A milestone meeting over North Yorkshire and York’s proposed devolution has heard an appeal for the Government to “step up to the mark” and sign off the proposed new combined authority for the area.
And one leading Labour councillor warned warm words from Whitehall “doesn’t butter no parsnips”.
A joint meeting of the Conservative-run North Yorkshire and Labour-run City of York councils to discuss the expected creation of a mayoral combined authority in January heard while the councils had agreed on how to split the first significant tranche of Government devolution funding, uncertainty still surrounds the transfer of powers from Westminster.
Deputy leader of York council, Councillor Pete Kilbane said:”I know that from our end we have done all we can to ensure this combined authority is formed, according to the timescales, and as soon as possible.
“When we make representations to Government they do give us quite a lot of warm words in terms of what’s happening, but as we say around here, that doesn’t butter no parsnips, does it and we have just committed to spending just over £7m to get things going.
“We’ve got plenty of certainty that this is all going forwards, but there’s a lot resting on it. What we need is certainty in the region, so really this is a plea to Government, if they are listening to get this order made so that we can all get on with the business that we are actually getting on with. We just need them to step up to the mark really.”
Ahead of the meeting opposition councillors in North Yorkshire had claimed the proposed division of the funds for net zero schemes would see York receive 47 per cent of £6.2m being spent on capital schemes, despite having a population of about a third the size of North Yorkshire.
A total of 23 schemes will receive a share of the funding unlocked by the region’s proposed devolution deal, subject to devolution progressing for York and North Yorkshire’s combined 800,000-plus residents.
They include street and building LED lighting schemes in York as well as innovation in energy generation, including The Electric Cow Project at Askham Bryan College in the city.
The farming scheme will fund slurry-fuelled conversion equipment for dairy farms across the region to generate electricity from cow manure.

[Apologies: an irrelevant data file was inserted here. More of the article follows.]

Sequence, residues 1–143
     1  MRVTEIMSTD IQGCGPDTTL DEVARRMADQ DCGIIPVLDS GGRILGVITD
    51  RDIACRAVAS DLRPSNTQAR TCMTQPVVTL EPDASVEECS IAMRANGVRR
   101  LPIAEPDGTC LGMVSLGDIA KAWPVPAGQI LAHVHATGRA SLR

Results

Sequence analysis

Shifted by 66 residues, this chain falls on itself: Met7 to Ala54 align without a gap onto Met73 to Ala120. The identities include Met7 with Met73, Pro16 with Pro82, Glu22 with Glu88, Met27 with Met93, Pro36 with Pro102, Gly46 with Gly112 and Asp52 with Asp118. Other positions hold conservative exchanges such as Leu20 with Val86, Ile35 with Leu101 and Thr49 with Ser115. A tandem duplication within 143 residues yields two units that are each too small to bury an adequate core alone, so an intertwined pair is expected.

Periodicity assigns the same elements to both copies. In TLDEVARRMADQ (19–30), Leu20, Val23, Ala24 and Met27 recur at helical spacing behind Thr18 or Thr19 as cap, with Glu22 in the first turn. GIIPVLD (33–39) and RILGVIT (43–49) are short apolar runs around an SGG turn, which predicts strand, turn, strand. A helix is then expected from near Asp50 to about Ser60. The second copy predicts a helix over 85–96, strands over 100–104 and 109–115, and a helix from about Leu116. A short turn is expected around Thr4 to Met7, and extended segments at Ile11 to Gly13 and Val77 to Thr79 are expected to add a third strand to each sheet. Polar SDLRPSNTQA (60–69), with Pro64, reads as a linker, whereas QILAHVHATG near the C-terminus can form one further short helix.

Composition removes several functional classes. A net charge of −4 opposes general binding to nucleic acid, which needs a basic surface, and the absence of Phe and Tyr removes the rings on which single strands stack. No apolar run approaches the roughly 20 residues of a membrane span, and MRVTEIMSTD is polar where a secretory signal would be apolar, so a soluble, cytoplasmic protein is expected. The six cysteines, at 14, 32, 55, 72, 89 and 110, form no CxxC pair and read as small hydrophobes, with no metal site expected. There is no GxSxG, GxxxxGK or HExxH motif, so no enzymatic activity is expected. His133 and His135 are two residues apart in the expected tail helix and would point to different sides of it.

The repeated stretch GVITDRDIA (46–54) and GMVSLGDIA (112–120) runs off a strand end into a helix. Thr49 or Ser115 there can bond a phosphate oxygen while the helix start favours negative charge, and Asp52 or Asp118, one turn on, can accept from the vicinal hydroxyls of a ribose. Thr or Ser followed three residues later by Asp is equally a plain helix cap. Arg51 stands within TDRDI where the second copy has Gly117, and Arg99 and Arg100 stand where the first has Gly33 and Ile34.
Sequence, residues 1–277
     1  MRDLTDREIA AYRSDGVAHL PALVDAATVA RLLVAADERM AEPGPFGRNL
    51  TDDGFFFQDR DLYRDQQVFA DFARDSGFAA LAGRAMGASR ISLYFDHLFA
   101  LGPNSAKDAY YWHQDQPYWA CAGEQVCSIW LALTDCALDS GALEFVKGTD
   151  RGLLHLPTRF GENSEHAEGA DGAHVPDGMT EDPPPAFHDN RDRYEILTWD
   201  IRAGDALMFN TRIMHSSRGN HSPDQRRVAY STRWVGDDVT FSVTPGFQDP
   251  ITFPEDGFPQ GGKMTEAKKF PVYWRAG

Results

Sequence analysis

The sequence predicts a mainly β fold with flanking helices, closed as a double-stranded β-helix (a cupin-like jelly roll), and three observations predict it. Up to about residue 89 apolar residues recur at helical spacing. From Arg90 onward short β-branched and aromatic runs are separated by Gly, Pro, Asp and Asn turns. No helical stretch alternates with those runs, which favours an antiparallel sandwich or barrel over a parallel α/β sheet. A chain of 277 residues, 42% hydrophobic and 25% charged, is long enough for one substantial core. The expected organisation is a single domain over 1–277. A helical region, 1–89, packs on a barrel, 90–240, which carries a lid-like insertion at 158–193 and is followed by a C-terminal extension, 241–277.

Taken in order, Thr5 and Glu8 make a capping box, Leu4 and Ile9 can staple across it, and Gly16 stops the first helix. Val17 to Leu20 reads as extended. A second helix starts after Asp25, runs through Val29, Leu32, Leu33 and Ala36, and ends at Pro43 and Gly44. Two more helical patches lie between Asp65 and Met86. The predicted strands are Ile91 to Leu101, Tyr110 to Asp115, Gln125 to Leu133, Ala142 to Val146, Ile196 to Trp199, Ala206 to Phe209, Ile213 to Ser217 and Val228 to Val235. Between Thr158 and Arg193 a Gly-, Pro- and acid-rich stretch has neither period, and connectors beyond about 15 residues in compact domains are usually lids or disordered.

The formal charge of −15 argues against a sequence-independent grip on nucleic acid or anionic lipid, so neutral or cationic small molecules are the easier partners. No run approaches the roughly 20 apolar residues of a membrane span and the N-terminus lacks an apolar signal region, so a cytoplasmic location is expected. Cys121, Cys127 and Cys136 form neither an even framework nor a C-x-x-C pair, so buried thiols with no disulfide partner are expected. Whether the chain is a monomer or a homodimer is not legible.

Other projects approved aim to tackle a decline of biodiversity, such as the
project at the Denton Park Estate, on the edge of the Yorkshire Dales, where funds will support moorland restoration.
Critics of the proposed net zero programme, which will see both councils bear the risk for until the combined authority is created, have claimed while York residents will benefit from millions of pounds of extra funding at the expense of communities across the vast rural county.
Parliamentary debates on devolution for the region are anticipated in the coming weeks, with mayoral elections scheduled for May.
However, North Yorkshire and York Local Enterprise Partnership boss James Farrar told the meeting the schemes which were being funded represented “a good spread” across the area, including ones in York and every constituency in North Yorkshire.
Countering the criticism, leaders of both councils heralded the investment as a milestone for the region, with North Yorkshire Council leader Councillor Carl Les saying it was “a very exciting time”.
City of York Council’s leader Councillor Claire Douglas told the meeting addressing climate change was becoming increasingly important and the proposals represented the first cross-region thinking, rather than for York or for North Yorkshire as entities.
She said: “It’s really fantastic to see there’s such a wide coverage of the region.
“I think it’s also fantastic to see that this is the first significant investment that the combined authority is able to commit to.”